Chavonne Printup v. Director, OH Dept JFS, et al

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OPINION filed : We AFFIRM the judgment of the district court, decision not for publication. Karen Nelson Moore, Julia Smith Gibbons, and Andre M. Davis, (Fourth Circuit, Authoring) Circuit Judges.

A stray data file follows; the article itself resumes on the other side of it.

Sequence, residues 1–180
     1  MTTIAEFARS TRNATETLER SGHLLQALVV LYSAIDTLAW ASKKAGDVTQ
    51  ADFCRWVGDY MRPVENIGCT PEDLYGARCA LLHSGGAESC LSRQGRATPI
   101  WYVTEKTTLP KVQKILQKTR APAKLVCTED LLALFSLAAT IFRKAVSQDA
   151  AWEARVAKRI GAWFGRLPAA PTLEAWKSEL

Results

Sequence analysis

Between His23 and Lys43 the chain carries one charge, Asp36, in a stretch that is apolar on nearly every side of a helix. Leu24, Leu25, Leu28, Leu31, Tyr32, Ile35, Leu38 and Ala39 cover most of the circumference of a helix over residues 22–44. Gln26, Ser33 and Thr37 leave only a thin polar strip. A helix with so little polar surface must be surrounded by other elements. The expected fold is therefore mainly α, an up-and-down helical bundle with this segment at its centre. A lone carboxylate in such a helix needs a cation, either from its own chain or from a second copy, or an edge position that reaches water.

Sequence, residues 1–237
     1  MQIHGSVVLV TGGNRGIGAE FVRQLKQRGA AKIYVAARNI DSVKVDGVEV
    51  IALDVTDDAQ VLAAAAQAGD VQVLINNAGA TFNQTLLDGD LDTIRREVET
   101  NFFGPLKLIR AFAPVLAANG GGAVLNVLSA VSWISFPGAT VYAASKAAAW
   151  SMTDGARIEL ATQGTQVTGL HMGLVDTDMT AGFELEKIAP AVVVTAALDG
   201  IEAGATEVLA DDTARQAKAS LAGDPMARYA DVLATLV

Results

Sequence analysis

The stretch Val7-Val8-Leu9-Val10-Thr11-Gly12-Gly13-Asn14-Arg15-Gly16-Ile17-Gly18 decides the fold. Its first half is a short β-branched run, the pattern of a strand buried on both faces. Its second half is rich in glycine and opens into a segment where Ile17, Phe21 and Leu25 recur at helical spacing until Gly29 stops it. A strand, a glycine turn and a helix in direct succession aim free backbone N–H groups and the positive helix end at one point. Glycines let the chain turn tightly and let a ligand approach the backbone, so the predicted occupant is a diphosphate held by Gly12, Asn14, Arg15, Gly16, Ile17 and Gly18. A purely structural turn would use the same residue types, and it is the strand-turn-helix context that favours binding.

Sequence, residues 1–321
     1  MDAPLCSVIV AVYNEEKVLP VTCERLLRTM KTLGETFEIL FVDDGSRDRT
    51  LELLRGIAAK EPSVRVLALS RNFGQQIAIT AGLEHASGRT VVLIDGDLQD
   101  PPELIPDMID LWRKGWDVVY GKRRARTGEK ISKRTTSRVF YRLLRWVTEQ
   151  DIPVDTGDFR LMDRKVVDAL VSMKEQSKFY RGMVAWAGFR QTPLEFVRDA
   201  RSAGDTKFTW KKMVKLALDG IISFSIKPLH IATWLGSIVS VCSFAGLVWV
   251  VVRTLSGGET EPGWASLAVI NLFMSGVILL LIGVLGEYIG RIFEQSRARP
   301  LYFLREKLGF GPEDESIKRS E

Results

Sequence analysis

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Case: 15-3906 Document: 38-1 Filed: 06/30/2016 Page: 1 NOT RECOMMENDED FOR FULL-TEXT PUBLICATION File Name: 16a0361n.06 No. 15-3906 UNITED STATES COURT OF APPEALS FOR THE SIXTH CIRCUIT FILED Jun 30, 2016 DEBORAH S. HUNT, Clerk CHAVONNE PRINTUP, ) ) ) Plaintiff – Appellant, ) v. ) ) DIRECTOR, OHIO DEPARTMENT OF JOB ) AND FAMILY SERVICES, ) ) ) Defendant, ) and ) ) BUTLER COUNTY, OHIO, ) ) ) Defendant – Appellee. ) ON APPEAL FROM THE UNITED STATES DISTRICT COURT FOR THE SOUTHERN DISTRICT OF OHIO OPINION Before: MOORE, GIBBONS, and DAVIS,* Circuit Judges. ANDRE M. DAVIS, Senior Circuit Judge. On February 10, 2015, Plaintiff-Appellant Chavonne Printup brought a 42 U.S.C. § 1983 action in federal district court against Butler County, Ohio. She alleged that the County had violated her procedural and substantive due process rights in failing to train two social workers, who designated her as a child abuser, and an administrative hearing officer, who affirmed that designation. The district court dismissed Printup’s complaint with prejudice as barred by the two-year statute of limitations. Printup timely appealed the district court’s judgment. For the reasons set forth below, we AFFIRM. * The Honorable Andre M. Davis, Senior Circuit Judge for the United States Court of Appeals for the Fourth Circuit, sitting by designation. Case: 15-3906 Document: 38-1 Filed: 06/30/2016 Page: 2 No. 15-3906, Printup v. Butler County I. FACTS AND PROCEDURAL HISTORY In 2012, Printup worked as a teacher or staff member at St. Aloysius, an alternative school for children with substantial behavioral problems. R. 1 (Compl. 2) (Page ID #2). On December 13, 2012, a St. Aloysius student named C.M. violated school rules. Id. The next day, when Printup attempted to impose a lunch restriction on C.M. as punishment for his rule violation, C.M. ran from the building and into the street, where he was nearly hit by a vehicle. Id. When C.M. came back inside, he threw chairs, knocked over desks, attempted to punch Printup, and repeatedly cursed and used racial slurs. Id. In response, Printup and another staff member attempted to restrain C.M. using a “smallchild restraint.” Id. To effectuate this restraint, the two staff members placed C.M. on the floor, and Printup held his upper body while the other staff member held his legs. Id. This effort proved unsuccessful, as C.M. continued to resist and managed to bite Printup on her forearm. Id. Printup then called for additional assistance, and a third staff member arrived and helped the other two execute a “supine restraint.” Id. The staff members placed C.M. on the floor, and Printup held one of C.M.’s arms while another staff member held his other arm and the third staff member held his legs. Id. C.M. continued to resist while in this restraint. Id. At one point, C.M. stated that he was in pain, so the staff member holding his legs readjusted her position, apparently resolving the issue. Id. Eventually, the supine restraint proved successful, and C.M. calmed down. Id. 2 Case: 15-3906 Document: 38-1 Filed: 06/30/2016 Page: 3 No. 15-3906, Printup v. Butler County After the staff members released C.M. from the restraint, C.M. complained that his shoulder hurt but stated that he did not want to see a nurse. Id. Printup nonetheless arranged for a nurse to examine him. Id. The nurse’s report did not indicate that C.M. had suffered any physical injury from the restraints, but it did mention Printup’s bite wound. Id. Accordingly, C.M. returned to class and completed the school day. Id. When C.M. went home, however, he discovered that he had some bruises and scratches that Printup concedes may have resulted from the staff members’ restraints. Id. at 3 (Page ID #3). C.M.’s grandmother contacted the Hamilton Police Department, and the Butler County Children’s Services Board (“BCCSB”) began an investigation targeting Printup. Id. The police declined to file criminal charges, but BCCSB social workers Vanessa Long and Cynthia Klein placed Printup on Ohio’s Central Registry on Child Abuse and Neglect as an “indicated” child abuse perpetrator. Id. Because St. Aloysius maintains a policy requiring the termination of any staff member indicated of committing child abuse, the school terminated Printup’s employment. Id. Neither of the other staff members involved in restraining C.M. were investigated, placed on the Central Registry, or fired as a result of the incident. Id. Printup challenged her child-abuser designation and received an administrative hearing. Id. BCCSB’s ombudsman, William Morrison, presided as the hearing officer. Id. On February 11, 2013, Morrison issued a decision upholding Printup’s child-abuser designation. Id. Printup avers that this decision failed to cite any applicable legal standard, failed to explain why she was investigated while the other staff members were not, failed to consider whether Printup’s actions were justified by C.M.’s behavior, and included general assertions that restraints were dangerous 3 Case: 15-3906 Document: 38-1 Filed: 06/30/2016 Page: 4 No. 15-3906, Printup v. Butler County and that St. Aloysius used them too frequently. Id. Under St. Aloysius’s policies, had the hearing officer found that Printup’s designation as a child abuser was unsubstantiated, the school would have reinstated Printup as a staff member. Id. On January 18, 2014,1 Printup appealed the unfavorable administrative decision to the state court. Id. On January 27, 2014, the state court reversed the administrative decision, holding that the hearing officer’s failure to cite the relevant legal standard resulted in an arbitrary decision, that Ohio law authorized child-restraint holds, that there was insufficient evidence that Printup had caused C.M. physical harm, and that Printup was justified in using restraints given C.M.’s behavior. Id. at 3–4 (Page ID #3–4). At this point, however, St. Aloysius did not reinstate Printup to her former job because it had already filled the position. Id. at 4 (Page ID #4). The BCCSB did not appeal the state court’s decision. Id. On February 10, 2015, Printup filed a complaint in federal district court pursuant to 42 U.S.C. § 1983 against Butler County, Ohio, for violations of her procedural and substantive due process rights.2 Id. In particular, Printup alleged that Butler County failed to train and supervise its social workers “regarding the standard for child abuse[] and the standard for the use of physical restraints.” Id. She also alleged that the County failed to train and supervise its hearing 1 The complaint states that Printup appealed the hearing officer’s decision on January 18, 2013, but this appears to be an error. See R. 1 (Compl. 3) (Page ID #3). 2 Printup also initially brought claims for declaratory and injunctive relief against Cynthia Dungey in her official capacity as Director of the Ohio Department of Jobs and Family Services, as Printup sought to expunge her name from the Central Registry. R. 1 (Compl. 1, 5) (Page ID #1, 5). Dungey indicated in a motion to dismiss, however, that the Department had already removed Printup from the Central Registry before Printup filed suit. R. 13 (Dungey’s Mot. to Dismiss 2) (Page ID #28). Consequently, Printup conceded that her claims against Dungey were moot, and the district court dismissed these claims in May 2015. R. 21 (Pl.’s Mem. Resp. Dungey’s Mot. to Dismiss 2) (Page ID #59); R. 23 (May 11, 2015 Order) (Page ID #63). 4 Case: 15-3906 Document: 38-1 Filed: 06/30/2016 Page: 5 No. 15-3906, Printup v. Butler County officer “regarding the standard for child abuse, the standard for the use of physical restraints, on causation, the requirement for applying law to fact, and the prohibition against making public policy in the context of child-abuse hearings.” Id. She contended that the County’s “policy and custom” of failing to train these two sets of employees “deprived Printup of her liberty and property by designating her a child abuser on the Central Registry, where that designation was unsupported by any rational basis.” Id. She also alleged that the County’s failure to train its social workers deprived her of her substantive due process rights “because designating her as a child abuser shocks the conscience in the instant circumstances.” Id. at 5 (Page ID #5). She sought compensatory damages, costs, and declaratory and injunctive relief. In response, Butler County filed a motion to dismiss or, in the alternative, for judgment on the pleadings. R. 24 (Butler Cty.’s Mot. to Dismiss 1) (Page ID #64). The County argued that it was improperly named as a defendant, that Printup’s claims were barred by the two-year statute of limitations applicable to § 1983 claims arising in Ohio, and that Printup failed to plead her claims with sufficient specificity. Id. On August 10, 2015, the district court granted Butler County’s motion to dismiss with prejudice. R. 32 (Aug. 10, 2015 Order 10) (Page ID #100). It determined that Printup’s claims were barred by the two-year statute of limitations, which had begun to run when BCCSB agents deemed Printup a child abuser and when Printup lost her employment—not, as Printup had contended, when the hearing officer issued his decision affirming her child-abuser designation. Id. at 7–9 (Page ID #97–99). The court declined to resolve whether Butler County was a proper 5 Case: 15-3906 Document: 38-1 Filed: 06/30/2016 Page: 6 No. 15-3906, Printup v. Butler County party to the suit or whether the pleadings were adequate. See id. at 6–7 (Page ID #96–97). Printup timely filed this appeal. R. 33 (Notice of Appeal 1) (Page ID #101). II. ANALYSIS A. Statute of Limitations The primary issue on appeal is whether the federal district court erred in dismissing Printup’s February 10, 2015 complaint as barred by the two-year statute of limitations based on its determination that Printup’s causes of action accrued prior to the hearing officer’s February 11, 2013 decision. We review de novo a district court’s decision that a complaint was filed outside the applicable statute of limitations. Banks v. City of Whitehall, 344 F.3d 550, 553 (6th Cir. 2003). The limitations period for a § 1983 action is the same as for personal injury actions in the state in which the § 1983 claim arises. Wilson v. Garcia, 471 U.S. 261, 275–76 (1985). Thus, “the appropriate statute of limitations for 42 U.S.C. § 1983 civil rights actions arising in Ohio is contained in Ohio Rev.[ ]Code Ann. § 2305.10, which requires that actions for bodily injury be filed within two years after their accrual.” Browning v. Pendleton, 869 F.2d 989, 992 (6th Cir. 1989) (en banc); accord Banks, 344 F.3d at 553 (collecting cases reaffirming this holding). Neither party disputes that the applicable limitations period for Printup’s claims, which arose in Ohio, is two years. The parties disagree only as to when Printup’s two-year statute of limitations began to run. Although we borrow the statute of limitations for a § 1983 action from state law, we look to federal law to determine when a cause of action accrues and thus when the statutory period 6 Case: 15-3906 Document: 38-1 Filed: 06/30/2016 Page: 7 No. 15-3906, Printup v. Butler County begins. Wallace v. Kato, 549 U.S. 384, 388 (2007). “Ordinarily, the limitations period starts to run ‘when the plaintiff knows or has reason to know of the injury which is the basis of his action.’” Kuhnle Bros., Inc. v. Cty. of Geauga, 103 F.3d 516, 520 (6th Cir. 1997) (quoting Sevier v. Turner, 742 F.2d 262, 273 (6th Cir. 1984)). Under this discovery rule, we “look[] to what event should have alerted the typical lay person to protect his or her rights.” Id. (quoting Dixon v. Anderson, 928 F.2d 212, 215 (6th Cir. 1991)). Accordingly, to determine when Printup’s causes of action accrued, we must first identify what injuries formed the basis of her constitutional claims—that is, what injuries should have made Printup aware that her rights had been violated and therefore started the clock on her statute of limitations. Printup’s appeal rests primarily on the contention that her causes of action accrued when the administrative hearing officer issued his February 11, 2013 decision such that her February 10, 2015 complaint was filed within the relevant statutory period. See Appellant’s Br. 10. She argues that the hearing officer’s decision presented the “first opportunity to know or suspect that Butler County caused [her] constitutional injury.” Id. Nevertheless, Printup also appears to acknowledge, as Butler County asserts, that her injury arose, at least in part, from her designation as a child abuser, her placement on Ohio’s Central Registry, and her attendant loss of employment at St. Aloysius—events that all occurred prior to the hearing officer’s decision and more than two years before Printup filed her complaint.3 We consider the accrual date of each of Printup’s claims in turn. 3 Printup’s complaint does not identify precisely when she was first designated as a child abuser or when she lost her job, but it goes without saying that these incidents occurred before the hearing officer’s February 11, 7 Case: 15-3906 Document: 38-1 Filed: 06/30/2016 Page: 8 No. 15-3906, Printup v. Butler County 1. Procedural Due Process Claim Although Printup describes her first cause of action differently in various filings, she generally maintains that it is a “stigma-plus” procedural due process claim. See Appellant’s Br. 7. “‘Stigma plus’ refers to a claim brought for injury to one’s reputation (the stigma) coupled with the deprivation of some ‘tangible interest’ [e.g., the loss of government employment] or property right (the plus), without adequate process.” Segal v. City of New York, 459 F.3d 207, 209 n.1 (2d Cir. 2006) (alteration in original) (emphasis omitted) (quoting DiBlasio v. Novello, 344 F.3d 292, 302 (2d Cir. 2003)); see also Paul v. Davis, 424 U.S. 693, 694–95, 712 (1976) (holding that plaintiff failed to bring a colorable § 1983 claim against police officers who had distributed flyers identifying him as an “active shoplifter” where plaintiff had suffered reputational harm (stigma) from the officers’ actions but had not suffered a corresponding loss of a liberty or property interest (plus)). Printup asserted before the district court that she “suffered a liberty deprivation when she was unlawfully listed as a child abuser on the State Child Abuse Registry for approximately a year, plus losing her employment at St. Aloysius and other privileges under Ohio law due to the listing.” R. 28 (Pl.’s Mem. Resp. Butler Cty.’s Mot. to Dismiss 3) (Page ID #79). Although these statements seem to indicate that Printup’s alleged injury occurred prior to the hearing officer’s decision, when the social workers first listed Printup on the Central Registry (producing 2013 decision, for that decision was prompted by Printup’s attempt to challenge both her child-abuser designation and her corresponding termination. 8 Case: 15-3906 Document: 38-1 Filed: 06/30/2016 Page: 9 No. 15-3906, Printup v. Butler County stigma), causing her termination (the plus),4 Printup argues that, “[f]or stigma-plus claims, the constitutional tort is not complete until the plus—i.e., a tangible burden—is imposed,” and she reasons that she could have regained her job if the hearing officer had reversed her designation. See id. In other words, she suggests that the hearing officer’s February 11, 2013 decision, which affirmed her child-abuser designation and therefore effectively cemented her loss of employment, completed her constitutional injury. See id. She took this argument one step further in her appellate reply brief, asserting that a “stigma-plus” claim requires a showing of “stigma-plus followed by inadequate procedural due process” and contending that her injury did not occur when she was merely placed on the Central Registry (the stigma) and fired from her job (the plus) but instead occurred when the hearing officer’s decision subsequently deprived her of procedural due process. See Appellant’s Reply Br. 4. These arguments are unpersuasive. To be sure, a § 1983 claim for deprivation of procedural due process must include more than simply an allegation that the plaintiff was stigmatized and deprived of liberty or property, as the plaintiff must in fact allege that she was injured in this manner without due process of law. See Eidson v. State of Tenn. Dep’t of Children’s Servs., 510 F.3d 631, 635 (6th Cir. 2007) (“In procedural due process claims, the deprivation by state action of a constitutionally protected interest in ‘life, liberty or property’ is not itself unconstitutional; what is unconstitutional is the 4 Likewise, Printup’s complaint avers that “Defendant Butler County, through its policy and custom of failing to train its hearing officer [and social workers], deprived Printup of her liberty and property by designating her a child abuser on the Central Registry, where that designation was unsupported by any rational basis,” R. 1 (Compl. 4–5) (Page ID #4–5) (emphasis added), referring only to an injury that occurred prior to the hearing officer’s decision. 9 Case: 15-3906 Document: 38-1 Filed: 06/30/2016 Page: 10 No. 15-3906, Printup v. Butler County deprivation of such an interest without due process of law.” (quoting Zinermon v. Burch, 494 U.S. 113, 125 (1990))). Moreover, it is true that this Court has produced a series of decisions indicating that “there is no viable, free standing, federal due process claim arising from injury to one’s reputation. Such a claim is viable only in combination with two other elements: ‘when there is some injury to employment . . . in addition to damage to reputation and a subsequent denial of procedural due process to redress that injury.’” Jefferson v. Jefferson Cty. Pub. Sch. Sys., 360 F.3d 583, 586 (6th Cir. 2004) (omission in original) (citations omitted)); see also id. at 588 (“The plaintiff must prove the inadequacy of state remedies as an element of her constitutional tort.”); Vicory v. Walton, 721 F.2d 1062, 1066 (6th Cir. 1983) (“In a procedural due process case under section 1983, the plaintiff must attack the state’s corrective procedure as well as the substantive wrong.”). These cases relied on the Supreme Court’s reasoning in Parratt v. Taylor, 451 U.S. 527 (1981), overruled on other grounds by Daniels v. Williams, 474 U.S. 327, 330–31 (1986), in which the Court held that a plaintiff had failed to allege a violation of the Due Process Clause where the plaintiff’s deprivation of property under color of state law had not resulted from an established state procedure. Id. at 543. Nevertheless, under the circumstances of this case, the deprivation of due process need not, as Printup suggests, have occurred after the deprivation of a liberty or property interest in order to form an actionable injury. This Court has since clarified that the Parratt–Vicory– Jefferson line of cases “applies only to random, unauthorized deprivations of property” as “distinct from a deprivation resulting from an established state procedure.” Mitchell v. Fankhauser, 375 F.3d 477, 481, 483–84 (6th Cir. 2004). Thus, where a plaintiff does not 10 Case: 15-3906 Document: 38-1 Filed: 06/30/2016 Page: 11 No. 15-3906, Printup v. Butler County contend that she was “deprived of [her] property interest in [her] job pursuant to a random or unauthorized act” and where she instead challenges “established state procedures,” the plaintiff is “required neither to plead nor prove the inadequacy of post-termination state-law remedies in order to prevail.” See id. at 482, 484 (emphasis added) (quoting Moore v. Bd. of Educ. of Johnson City Schs., 134 F.3d 781, 785 (6th Cir. 1998)). Because Printup argues that Butler County deprived her of her procedural due process rights “through its policy and custom of failing to train its hearing officer [and social workers],” R. 1 (Compl. 4–5) (Page ID #4–5), as is required to establish municipal liability under Monell v. Department of Social Services, 436 U.S. 658 (1978), she has necessarily challenged established state procedures and not a random or unauthorized act. She was therefore not required to plead the inadequacy of subsequent state law remedies to bring a cognizable § 1983 claim for stigmaplus.5 Accordingly, Printup’s constitutional injury occurred when she lost her job as a result of her designation as a child abuser and her placement on Ohio’s Central Registry without due process of law—no subsequent deprivation of due process was required to give rise to her claim. Having identified the injury underlying Printup’s procedural due process claim, we apply the discovery rule to determine whether Printup’s cause of action in fact accrued at the time of that injury, starting the clock on her statute of limitations. Printup knew or had reason to know 5 A plaintiff is also not required to exhaust state administrative remedies as a prerequisite to filing a nonprisoner § 1983 action. Patsy v. Bd. of Regents, 457 U.S. 496, 516 (1982). Moreover, as the district court noted, Printup does not contend that the statute of limitations was tolled while she pursued her state administrative remedies. R. 32 (Aug. 10, 2015 Order 9 n.2) (Page ID #99) (citing Bd. of Regents v. Tomanio, 446 U.S. 478, 490– 91 (1980)); see also Appellant’s Reply Br. 6 n.1 (“Printup does not argue, and has never argued, that her claims tolled until she exhausted her administrative or judicial remedies.”). Instead, she asserts simply that her cause of action did not accrue until after the administrative hearing officer’s decision, an argument that fails in light of Mitchell. See 375 F.3d at 481, 483–84. 11 Case: 15-3906 Document: 38-1 Filed: 06/30/2016 Page: 12 No. 15-3906, Printup v. Butler County of her alleged deprivation of procedural due process when she was terminated from St. Aloysius as a result of her child-abuser designation, for this event would have alerted a typical layperson to protect her rights. See Kuhnle Bros., 103 F.3d at 520. Indeed, Printup was aware of the injury caused by her designation and her corresponding termination, as these incidents prompted her to seek an administrative hearing to challenge her designation. Thus, Printup’s cause of action accrued and the statutory period began to run when she lost her job based on her designation by BCCSB social workers as a child abuser without due process of law, not when the hearing officer issued his decision upholding that designation. Cf. Bishop v. Children’s Ctr. for Developmental Enrichment, 618 F.3d 533, 537 (6th Cir. 2010) (“Consequently, Plaintiffs’ claims accrued on August 31, 2005, when they knew that CB had been expelled from Oakstone . . . . It is irrelevant that Plaintiffs also had an administrative remedy available to them at that point[;] . . . redress was available at the time of the injury.”). We therefore affirm the district court’s dismissal of this claim as barred by the statute of limitations. 2. Substantive Due Process Claim Printup’s other claim is for deprivation of her substantive due process rights. This claim largely overlaps with Printup’s procedural due process claim,6 but Printup does present one allegation that expressly pertains to her substantive due process claim—namely, that “Defendant Butler County, through its policy and custom of failing to train its social workers, deprived Printup of her substantive due-process rights because designating her as a child abuser shocks the conscience in the instant circumstances.” R. 1 (Compl. 5) (Page ID #5). She also makes another 6 In fact, the district court noted that, “although [Printup] technically asserts two causes of action, they essentially constitute the same claim.” R. 32 (Aug. 10, 2015 Order 7) (Page ID #97). 12 Case: 15-3906 Document: 38-1 Filed: 06/30/2016 Page: 13 No. 15-3906, Printup v. Butler County allegation that could pertain to her substantive due process rights: “Defendant Butler County, through its policy and custom of failing to train its hearing officer, deprived Printup of her liberty and property by designating her a child abuser on the Central Registry, where that designation was unsupported by any rational basis.” Id. at 4 (Page ID #4). This allegation may be relevant to her substantive due process claim because, “[t]o state a cognizable substantive due process claim, [a] plaintiff must allege ‘conduct intended to injure in some way unjustifiable by any government interest’ and that is ‘conscience-shocking’ in nature.” Eidson, 510 F.3d at 635–36 (quoting Mitchell v. McNeil, 487 F.3d 374, 377 (6th Cir. 2007)). By their own terms, both of these allegations suggest that Printup’s initial designation as a child abuser, not the hearing officer’s subsequent decision, was in fact what “shocked the conscience” and lacked any rational government interest, depriving Printup of substantive due process. Although the latter allegation mentions the hearing officer, it complains specifically of Printup’s designation as a child abuser on the Central Registry, not the affirmance of her designation. Thus, even if Printup’s constitutional claims did arise from the hearing officer’s decision itself and not from earlier events—or even if additional causes of action, separate from those related to Printup’s initial designation and termination, arose from the hearing officer’s decision—Printup failed to plausibly allege such claims in her complaint.7 See R. 1 (Compl. 1– 7 Further, even if Printup did allege such claims, it is not clear that she would have standing to challenge the administrative decision, as the state court has since reversed the hearing officer’s decision and expunged Printup’s name from the Central Registry. Accordingly, any claim regarding the hearing officer’s decision would likely implicate redressability and mootness concerns. Finally, with regard to Printup’s counsel’s assertion at oral argument and in a subsequent filing that state court review of an administrative decision is typically unavailable, see Apr. 21, 2016 Supp. Auth., ECF 37, this point, if true, is of no moment in this case, as Printup received such review of the administrative hearing officer’s decision, whether or not she was entitled to it. 13 Case: 15-3906 Document: 38-1 Filed: 06/30/2016 Page: 14 No. 15-3906, Printup v. Butler County 5) (Page ID #1–5). Accordingly, Printup’s substantive due process claims, like her procedural due process claims, were barred by the statute of limitations. 3. Continuing Violation Doctrine Printup’s argument that the “continuing violation” doctrine delayed the accrual of her causes of action until the hearing officer issued his decision is unavailing. See Appellant’s Br. 14–15. Printup suggests that Butler County’s “failure to train and supervise was an on-going [sic] Butler County policy which gave rise to Printup’s cumulative reputational injury. . . . Under continuing-violation accrual, [the hearing officer’s] decision connected with Butler County’s failure to train and supervise the social workers to form a single and actionable unit that encompassed the entirety of Printup’s ordeal.” Id. at 15. To support her assertion, Printup cites only one case—a Second Circuit decision involving a prisoner’s Eighth Amendment claim of deliberate indifference to serious medical needs. Id. at 14 (citing Shomo v. City of New York, 579 F.3d 176, 179 (2d Cir. 2009)). At the outset, we note that Printup failed to make this argument before the district court. Although she did oppose Butler County’s motion to dismiss on statute of limitations grounds, Printup did not suggest that a continuing violation had occurred; instead, she argued only that she had been unable to discover her constitutional injury until after the hearing officer’s decision. See R. 28 (Pl.’s Mem. Resp. Butler Cty.’s Mot. to Dismiss 4) (Page ID #80). Accordingly, Printup has waived her argument regarding the continuing violation doctrine. See Foster v. Barilow, 6 F.3d 405, 409 (6th Cir. 1993) (“[A]n issue not raised before the district court is not 14 Case: 15-3906 Document: 38-1 Filed: 06/30/2016 Page: 15 No. 15-3906, Printup v. Butler County properly before us.”). In any event, Printup has failed to demonstrate the applicability of this doctrine. The continuing violation doctrine applies where “(1) the defendants engage in continuing wrongful conduct; (2) injury to the plaintiffs accrues continuously; and (3) had the defendants at any time ceased their wrongful conduct, further injury would have been avoided.” Broom v. Strickland, 579 F.3d 553, 555 (6th Cir. 2009) (quoting Hensley v. City of Columbus, 557 F.3d 693, 697 (6th Cir. 2009)). “A continuing violation is occasioned by continual unlawful acts, not continual ill effects from an original violation.” Id. (quoting Eidson, 510 F.3d at 635). Thus, “[p]assive inaction does not support a continuing violation theory.” Eidson, 510 F.3d at 635. As for the first prong of the test, Printup’s argument that the social workers’ designation of her as a child abuser and the hearing officer’s subsequent affirmance of that decision constituted “continuing wrongful conduct” for purposes of the continuing violation doctrine is tenuous at best. Although Printup asserts in her appellate briefs that the two decisions resulted from a common Butler County policy or custom not to train its social workers or administrative hearing officer, see Appellant’s Br. 15, Printup has not shown how such a broad policy would render the separate decisions part of one continuing string of wrongful conduct. Likewise, Printup’s continued appearance on the Central Registry and lack of employment at St. Aloysius were continual ill effects of her initial designation as a child abuser; they were not occasioned by continual unlawful acts. That is, while the hearing officer’s decision did not reverse the ill effects that Printup had been suffering since her designation, it also did not affirmatively cause Printup to suffer further harm. See Eidson, 510 F.3d at 635 15 Case: 15-3906 Document: 38-1 Filed: 06/30/2016 Page: 16 No. 15-3906, Printup v. Butler County (“Passive inaction does not support a continuing violation theory.”); cf. Kovacic v. Cuyahoga Cty. Dep’t of Children & Family Servs., 606 F.3d 301, 308–09 (6th Cir. 2010) (rejecting plaintiff-appellant’s assertion that the continuing violation doctrine applied “each day that her children were out of her custody and that the [continuing] violation did not end until they were returned to her home”). Although a decision by the hearing officer in Printup’s favor might have allowed Printup to avoid the continued ill effects of her previous injury, this does not mean that the hearing officer’s decision affirming her prior designation—or, more precisely, that the County’s failure to train the hearing officer, resulting in this decision—constituted wrongful action that in fact caused further injuries.8 We are unable to locate any case with circumstances resembling this one in which this Court (or any court) applied the continuing violation doctrine, and Printup has failed to direct us to such a case. Accordingly, we conclude that the continuing violation doctrine did not delay the accrual of Printup’s causes of action. 4. Heck v. Humphrey Printup argues in the alternative that the principles underlying Heck v. Humphrey, 512 U.S. 477 (1994), operated in this case such that her causes of action did not commence until January 27, 2014, when the state court ultimately reversed the hearing officer’s administrative decision. Appellant’s Br. 12–13. In Heck, which essentially concerned a claim for malicious 8 This Court has also distinguished “continuing violations, which toll the applicable statutes of limitations, from repetitive discrete violations, which constitute independently actionable individual causes of action.” Nat’l Parks Conservation Ass’n, Inc. v. Tenn. Valley Auth., 480 F.3d 410, 417 (6th Cir. 2007). In this case, the hearing officer’s administrative decision might have given rise to a discrete violation that constituted an independently actionable cause of action. Printup has not made this argument, however, as she instead attempts to elide the social workers’ designation with the hearing officer’s subsequent decision affirming that designation. 16 Case: 15-3906 Document: 38-1 Filed: 06/30/2016 Page: 17 No. 15-3906, Printup v. Butler County prosecution, the Supreme Court held that a “§ 1983 cause of action for damages attributable to an unconstitutional conviction or sentence does not accrue until the conviction or sentence has been invalidated.” 512 U.S. at 489–90. Printup argues that the same reasoning should apply here, as “[b]oth Monell claims were dependent upon the state court’s reversal of [her childabuser] designation: she lacked any reputational injury until the state court acted to clear her; and she lacked a due-process arbitrariness claim until the state court found that the hearing officer disregarded Ohio law and applied his own law.” Appellant’s Br. 13. As with the continuing violation doctrine argument, Printup failed to make this argument before the district court. In fact, she specifically argued before the district court that her causes of action accrued when the hearing officer issued his decision, not when the state court later reversed that decision. See R. 28 (Pl.’s Mem. Resp. Butler Cty. Mot. to Dismiss 4) (Page ID #80) (“[T]he constitutional tort was not complete until the hearing officer affirmed the childabuse designation on 11 February 2013 in his written decision.”). Thus, Printup has waived this argument. Cf. Rice v. Jefferson Pilot Fin. Ins. Co., 578 F.3d 450, 454 (6th Cir. 2009) (holding that plaintiff-appellant waived his argument that his claim accrued on a particular date when he had argued before the district court that it accrued on a different date). Even if this argument were not waived, however, Printup’s reliance on Heck would be unavailing. Printup’s assertion that “she lacked any reputational injury until the state court acted to clear her” is unpersuasive, as Printup surely suffered reputational injury from her initial listing on the Central Registry; no subsequent state court decision reversing her designation as a child abuser was necessary to establish a reputational injury. While her other assertion—that her 17 Case: 15-3906 Document: 38-1 Filed: 06/30/2016 Page: 18 No. 15-3906, Printup v. Butler County substantive due process cause of action pertaining to the hearing officer’s “arbitrary” decision arose when the state court in fact declared the decision arbitrary—may have some logical appeal, the Supreme Court has foreclosed application of Heck in circumstances that do not involve an extant criminal conviction. See Wallace, 549 U.S. at 393 (“[T]he Heck rule for deferred accrual is called into play only when there exists a conviction or sentence that has not been . . . invalidated, that is to say, an outstanding criminal judgment. It delays what would otherwise be the accrual date of a tort action until the setting aside of an extant conviction.” (omission in original) (internal quotation marks omitted)). Thus, Heck is inapposite, as Printup was not criminally convicted of anything. Although Printup argues that Heck’s “reasoning has been extended to cases arising from quasi-criminal, administrative litigation,” citing only a Second Circuit case involving prison discipline that preceded Wallace, see Appellant’s Br. 12–13 (citing Black v. Coughlin, 76 F.3d 72 (2d Cir. 1996)), this Court has rejected attempts since Wallace to extend Heck to proceedings that are “quasi-criminal in nature,” such as “juvenile court child neglect proceedings,” see, e.g., Eidson, 510 F.3d at 639. Accordingly, we affirm the district court’s dismissal of Printup’s complaint as barred by the statute of limitations, and we need not consider the other grounds for affirmance that Butler County urges. B. Dismissal with Prejudice Finally, the district court did not abuse its discretion in dismissing the complaint with prejudice where Printup’s claims were barred by the statute of limitations such that any amendment would have been futile and where Printup had not sought to amend her complaint in 18 Case: 15-3906 Document: 38-1 Filed: 06/30/2016 Page: 19 No. 15-3906, Printup v. Butler County any event. See Craighead v. E.F. Hutton & Co., Inc., 899 F.2d 485, 495 (6th Cir. 1990) (“The decision to dismiss with prejudice . . . lies within the discretionary power of the district court, and we will not reverse absent a clear showing of abuse of discretion.”); accord Ernst v. Rising, 427 F.3d 351, 366 (6th Cir. 2005) (en banc). On appeal, Printup has not challenged the district court’s decision in this regard and thus has plainly failed to make the clear showing necessary for us to reverse the judgment. III. CONCLUSION For the foregoing reasons, we AFFIRM the judgment of the district court. 19